• They previewed that in future appointments when LB is able to speak for himself that the physicians will be interacting more directly with him while we are more in the background.  They have a philosophy of empowering the children in their clinic to be able to speak for themselves about their health and how they're feeling and it will give him practice to role play this while in the clinic.  This makes me feel very good about the care that he's receiving here.  I know that there will be a lot of times that my husband or I won't be with him in his future (going to school, going to sports practices, even just playing at a friend's house) and he needs to be able to go talk to a teacher, a coach, an adult and tell them if he's having a problem, if he needs to eat/drink something and what he needs to eat/drink in order to feel better.  The sooner he gets to start practicing that, the better. 

They also checked his carnitine levels with some lab work and we'll get those results in a few days.  We keep carnitine in the cupboard for when he's ill, but his labs have never shown carnitine deficiency, so we don't need to give it to him on a regular basis.  They said they typically don't see low carnitine in kids this young, but that eventually, he may need to be supplemented and they always check, just in case.

We also talked briefly about the impending discontinuance of polycose.  Abbott labs announced that they will no longer be making polycose, so we will have to switch LB to something else for his sick-day sugar-beverage protocol.  The physicians assured us that there are a lot of substitute products on the market and that they will be making a recommendation on one once the polycose supply is gone.  They also said that as he gets older, he can get away with drinking Gatorade or he can add sugar to any number of beverages and he won't necessarily need a prescription sugar solution.

We go back to see them in 6 months and we'll continue to see them twice a year until he gets to be school-aged, at which time going annually will likely be sufficient.

Thursday, October 3, 2013

The Greatest News!

Big day today - spent most of it at Children's Hospital for LB's (planned) semi-annual checkup with his metabolic team and a (unexpected) visit to the Pediatric Heart Institute. After lots of wiggling through an echocardiogram and EKG, he got a clean bill of health from the cardiologist! Thrilled and thankful for this great, great news!. It has been a stressful and uncertain few weeks, so it's a HUGE relief to put this one in the win column. He has two completely benign heart murmurs.  And I can exhale.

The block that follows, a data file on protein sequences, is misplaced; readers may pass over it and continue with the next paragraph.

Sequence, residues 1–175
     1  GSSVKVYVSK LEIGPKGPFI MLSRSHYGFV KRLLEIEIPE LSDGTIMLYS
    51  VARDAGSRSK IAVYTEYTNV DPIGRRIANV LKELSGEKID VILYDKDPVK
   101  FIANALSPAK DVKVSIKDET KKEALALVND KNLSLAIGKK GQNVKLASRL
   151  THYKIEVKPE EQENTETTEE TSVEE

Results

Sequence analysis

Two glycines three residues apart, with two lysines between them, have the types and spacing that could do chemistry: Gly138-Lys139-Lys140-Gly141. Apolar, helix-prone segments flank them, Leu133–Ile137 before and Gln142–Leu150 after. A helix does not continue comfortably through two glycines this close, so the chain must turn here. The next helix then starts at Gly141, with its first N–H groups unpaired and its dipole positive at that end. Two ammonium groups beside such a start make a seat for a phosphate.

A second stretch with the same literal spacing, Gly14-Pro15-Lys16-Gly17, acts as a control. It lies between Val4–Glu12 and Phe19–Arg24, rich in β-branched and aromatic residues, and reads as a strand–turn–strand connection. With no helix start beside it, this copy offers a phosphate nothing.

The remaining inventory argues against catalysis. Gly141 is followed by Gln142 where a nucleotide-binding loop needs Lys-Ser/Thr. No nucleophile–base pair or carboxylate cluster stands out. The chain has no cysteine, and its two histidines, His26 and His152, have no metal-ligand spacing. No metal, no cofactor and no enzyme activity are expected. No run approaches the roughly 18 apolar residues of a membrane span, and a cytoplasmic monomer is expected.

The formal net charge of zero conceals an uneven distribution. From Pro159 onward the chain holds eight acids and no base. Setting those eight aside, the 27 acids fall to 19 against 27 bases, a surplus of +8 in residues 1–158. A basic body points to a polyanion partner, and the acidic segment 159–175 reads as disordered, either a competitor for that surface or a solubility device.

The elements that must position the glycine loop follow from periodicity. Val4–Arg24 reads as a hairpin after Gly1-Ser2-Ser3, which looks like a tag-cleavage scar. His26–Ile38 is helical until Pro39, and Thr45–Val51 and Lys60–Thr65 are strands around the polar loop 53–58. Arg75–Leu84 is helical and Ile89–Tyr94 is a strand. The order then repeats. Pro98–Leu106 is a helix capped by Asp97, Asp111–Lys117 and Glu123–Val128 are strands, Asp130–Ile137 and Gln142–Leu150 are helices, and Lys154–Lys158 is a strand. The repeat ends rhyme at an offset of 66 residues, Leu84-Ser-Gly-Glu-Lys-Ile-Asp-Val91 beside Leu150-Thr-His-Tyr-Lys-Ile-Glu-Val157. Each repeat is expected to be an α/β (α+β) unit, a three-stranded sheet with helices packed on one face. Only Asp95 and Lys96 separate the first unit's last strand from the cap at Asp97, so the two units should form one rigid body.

I'll update on the metabolic appointment later.  The cliff's notes version is that it went really well, too. 

Thursday, September 26, 2013

A Small Victory and a Tiny Bit of Relief

I forgot to take the cardiology referral with me to work today, but the minute I walked in the door after picking up the boys, I made that phone call.  I was dreading having to take LB to yet another specialist (mostly because I didn't want him to have a heart problem in addition to his metabolic condition), but at the same time, I was anxious to have some clarity and some answers about the murmurs and what they meant.  I was also dreading calling them and hearing that they could squeeze us in for an appointment in November and that we would have to wait more than a month to get those answers.

To my pleasant PLEASANT surprise, after taking all of the basic information on LB, they asked if we could make an appointment on MONDAY.  Really?  You mean Monday as in 4 short days from now?  Why yes, Monday...in four days.  I was floored.  Unfortunately, the appointment time was right in the middle of our oldest son's first preschool field trip, which we had volunteered to chaperone, so I pressed my luck and asked what their next opening was.  It was on Thursday, exactly a week from today and I took it. 

I hung up the phone and exhaled.  I was nauseous with worry and had seriously been on the verge of tears all day because I was so upset by the thought of LB having something else on his medical resume.  Knowing that we would have answers in one week was a small measure of relief.  I can deal with these feelings of anxiety and uncertainty for a week.  We wouldn't have to wait for a month to figure this out.  At this time next week, we'll know what we're dealing with.  We're hoping for another innocent murmur.  If it turns out to be one of the other possibilities (hole in the heart, heart valve problem), we'll just need to get to that place of peace again (similar to what we had to do when we found out he had MCADD) and just do what we need to do.

Wednesday, September 25, 2013